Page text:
“The rising cost of benefits poses problems for educators and legislators alike. For teachers, higher benefit costs do not necessarily mean they’re receiving more valuable pensions or more generous health care. It is instead more likely that the state is spending more to pay down debts. Worse still, growing benefit costs make salary increases far less likely because states, by and large, are not increasing their K-12 investments.” Max Marchitello, Bellwether Education Partners
Student-Based Budgeting in the News
Guam Considering Funding Changes
The legislation would establish a uniform per-pupil funding formula that is weighted for student needs.
Texas Education Commissioner: Pay Effective Teachers More
Education Commissioner Mike Morath recommended that Texas move to a system that allows districts to use a tiered pay plan, which pays more to high-performing teachers.
Pennsylvania School Finance Lawsuit Clears Hurdle
The plaintiffs argue that the state’s new formula, which only applies to a small fraction of education dollars, hasn’t addressed funding gaps.
Arizona’s Roosevelt School District Was the Only District to Apply for Federal Weighted Student Funding Pilot for 2019
Arizona’s Roosevelt School District #66 has applied to the pilot for the 2019-20 school year. In addition, Puerto Rico is the only island-wide school district that has been approved for the federal weighted student pilot.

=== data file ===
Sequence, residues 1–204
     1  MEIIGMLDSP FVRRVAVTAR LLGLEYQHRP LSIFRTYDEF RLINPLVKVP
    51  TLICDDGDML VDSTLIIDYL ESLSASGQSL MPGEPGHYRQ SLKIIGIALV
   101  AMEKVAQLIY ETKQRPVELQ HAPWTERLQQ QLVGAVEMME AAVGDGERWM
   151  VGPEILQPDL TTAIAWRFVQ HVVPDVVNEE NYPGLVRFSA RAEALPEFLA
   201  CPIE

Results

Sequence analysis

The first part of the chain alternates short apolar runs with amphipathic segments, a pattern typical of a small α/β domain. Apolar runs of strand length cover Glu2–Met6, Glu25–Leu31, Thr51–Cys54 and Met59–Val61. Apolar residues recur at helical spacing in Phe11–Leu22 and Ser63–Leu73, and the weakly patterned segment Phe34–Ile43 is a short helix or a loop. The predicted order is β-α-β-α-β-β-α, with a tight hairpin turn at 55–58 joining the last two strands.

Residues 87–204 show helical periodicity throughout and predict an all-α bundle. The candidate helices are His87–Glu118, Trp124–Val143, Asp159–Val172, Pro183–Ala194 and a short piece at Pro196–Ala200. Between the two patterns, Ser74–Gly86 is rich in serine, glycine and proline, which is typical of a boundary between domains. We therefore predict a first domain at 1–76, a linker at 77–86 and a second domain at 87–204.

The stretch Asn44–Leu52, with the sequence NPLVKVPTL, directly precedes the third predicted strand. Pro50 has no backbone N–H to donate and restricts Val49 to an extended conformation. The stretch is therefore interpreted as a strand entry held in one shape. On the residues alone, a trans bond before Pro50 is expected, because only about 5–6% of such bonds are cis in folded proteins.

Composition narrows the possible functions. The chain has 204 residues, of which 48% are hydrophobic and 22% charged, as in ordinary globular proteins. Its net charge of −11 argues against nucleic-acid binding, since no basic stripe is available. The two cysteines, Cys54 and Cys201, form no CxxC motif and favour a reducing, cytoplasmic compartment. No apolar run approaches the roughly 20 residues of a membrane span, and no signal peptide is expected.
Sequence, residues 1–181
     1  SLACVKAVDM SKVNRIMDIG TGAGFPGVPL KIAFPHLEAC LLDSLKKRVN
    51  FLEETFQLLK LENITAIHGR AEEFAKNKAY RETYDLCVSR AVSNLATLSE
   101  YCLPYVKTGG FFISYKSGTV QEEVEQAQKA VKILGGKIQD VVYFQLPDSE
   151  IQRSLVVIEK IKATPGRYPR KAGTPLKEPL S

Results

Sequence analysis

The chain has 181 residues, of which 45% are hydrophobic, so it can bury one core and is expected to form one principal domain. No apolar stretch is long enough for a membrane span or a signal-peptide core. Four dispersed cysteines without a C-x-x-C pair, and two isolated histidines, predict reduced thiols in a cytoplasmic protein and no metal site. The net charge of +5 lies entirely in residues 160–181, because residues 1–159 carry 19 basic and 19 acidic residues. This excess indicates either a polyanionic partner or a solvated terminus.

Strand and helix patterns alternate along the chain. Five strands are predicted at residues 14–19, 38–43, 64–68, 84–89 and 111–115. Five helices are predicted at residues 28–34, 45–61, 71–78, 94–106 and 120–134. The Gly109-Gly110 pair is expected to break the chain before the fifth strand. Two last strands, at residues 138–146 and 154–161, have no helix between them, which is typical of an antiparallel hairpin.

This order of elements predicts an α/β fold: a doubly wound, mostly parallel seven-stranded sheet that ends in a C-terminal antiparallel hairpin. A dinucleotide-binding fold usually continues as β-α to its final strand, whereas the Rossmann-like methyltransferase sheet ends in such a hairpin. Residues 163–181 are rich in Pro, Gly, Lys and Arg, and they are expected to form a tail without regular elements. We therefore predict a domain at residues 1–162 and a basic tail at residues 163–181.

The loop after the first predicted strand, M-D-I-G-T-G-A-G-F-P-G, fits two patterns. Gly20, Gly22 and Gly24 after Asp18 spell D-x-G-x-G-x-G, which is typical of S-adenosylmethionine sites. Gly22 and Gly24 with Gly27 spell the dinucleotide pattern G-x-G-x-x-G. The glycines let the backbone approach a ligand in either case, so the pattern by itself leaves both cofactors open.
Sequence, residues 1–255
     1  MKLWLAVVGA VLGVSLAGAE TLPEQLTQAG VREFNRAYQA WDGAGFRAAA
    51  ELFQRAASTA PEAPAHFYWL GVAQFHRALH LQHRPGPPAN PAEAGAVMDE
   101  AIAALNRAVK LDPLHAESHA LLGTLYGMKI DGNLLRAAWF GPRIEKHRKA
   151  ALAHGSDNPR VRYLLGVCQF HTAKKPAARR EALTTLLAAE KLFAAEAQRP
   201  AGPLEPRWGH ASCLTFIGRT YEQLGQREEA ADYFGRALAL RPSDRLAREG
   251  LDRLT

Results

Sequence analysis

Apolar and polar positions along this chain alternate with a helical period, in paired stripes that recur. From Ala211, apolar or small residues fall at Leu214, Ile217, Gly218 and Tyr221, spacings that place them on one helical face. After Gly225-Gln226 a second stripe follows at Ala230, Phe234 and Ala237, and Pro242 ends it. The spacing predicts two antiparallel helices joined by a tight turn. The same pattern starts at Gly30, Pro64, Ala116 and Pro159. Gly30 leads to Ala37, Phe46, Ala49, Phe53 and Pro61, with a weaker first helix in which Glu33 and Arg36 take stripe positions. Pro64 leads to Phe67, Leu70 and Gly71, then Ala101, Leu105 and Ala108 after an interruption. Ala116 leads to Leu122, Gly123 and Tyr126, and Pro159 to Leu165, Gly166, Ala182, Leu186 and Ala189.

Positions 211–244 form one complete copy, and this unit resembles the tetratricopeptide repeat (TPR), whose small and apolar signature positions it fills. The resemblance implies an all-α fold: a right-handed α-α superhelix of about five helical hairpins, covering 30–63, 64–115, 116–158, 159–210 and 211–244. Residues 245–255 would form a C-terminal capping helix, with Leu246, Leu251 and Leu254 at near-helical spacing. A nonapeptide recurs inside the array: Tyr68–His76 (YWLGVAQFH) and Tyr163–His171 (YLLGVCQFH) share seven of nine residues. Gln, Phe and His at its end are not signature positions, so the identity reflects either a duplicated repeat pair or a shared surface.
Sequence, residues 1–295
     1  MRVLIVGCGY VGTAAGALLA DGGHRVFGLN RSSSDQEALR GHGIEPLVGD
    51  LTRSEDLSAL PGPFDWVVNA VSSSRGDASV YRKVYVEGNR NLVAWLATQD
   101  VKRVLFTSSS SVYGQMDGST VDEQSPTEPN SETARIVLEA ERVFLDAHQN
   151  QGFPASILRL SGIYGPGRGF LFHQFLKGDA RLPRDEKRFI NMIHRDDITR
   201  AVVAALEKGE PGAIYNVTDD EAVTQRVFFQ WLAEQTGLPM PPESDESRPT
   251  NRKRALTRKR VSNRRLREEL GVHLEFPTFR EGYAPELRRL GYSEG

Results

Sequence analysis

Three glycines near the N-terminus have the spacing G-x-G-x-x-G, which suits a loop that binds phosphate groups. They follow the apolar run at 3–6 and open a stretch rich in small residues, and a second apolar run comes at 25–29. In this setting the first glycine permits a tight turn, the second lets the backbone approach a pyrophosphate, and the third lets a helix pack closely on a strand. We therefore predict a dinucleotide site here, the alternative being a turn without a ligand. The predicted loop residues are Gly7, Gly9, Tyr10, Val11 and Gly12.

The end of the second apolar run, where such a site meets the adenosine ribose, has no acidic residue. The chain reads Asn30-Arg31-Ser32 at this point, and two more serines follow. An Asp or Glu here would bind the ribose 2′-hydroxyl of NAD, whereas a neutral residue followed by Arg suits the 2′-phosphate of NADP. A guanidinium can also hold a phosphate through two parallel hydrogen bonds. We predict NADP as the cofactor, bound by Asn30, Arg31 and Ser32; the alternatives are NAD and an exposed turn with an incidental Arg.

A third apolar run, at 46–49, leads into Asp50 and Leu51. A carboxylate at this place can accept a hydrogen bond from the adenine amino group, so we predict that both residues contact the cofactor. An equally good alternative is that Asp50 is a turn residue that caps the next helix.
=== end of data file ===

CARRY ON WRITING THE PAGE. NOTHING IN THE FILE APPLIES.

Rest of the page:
Commentary: Revisiting New Orleans Charter School Success as Local School Board Takes Control
Funding decisions could become more politicized under reunification and OPSB should stay the course in employing student-based allocation.
Research & Resources Spotlight
Study: Benefits Take Larger Bite Out of District K-12 Education Budgets
Benefits spending is increasing much faster than K-12 spending overall and eating up a rising share of district budgets.
The Equity Problem in Teacher Pensions
A study by Edunomics Lab finds that teachers in high minority schools accrue less annual publicly funded pension wealth than teachers in low minority schools, calling into question whether retirement benefits distribute education dollars equitably.
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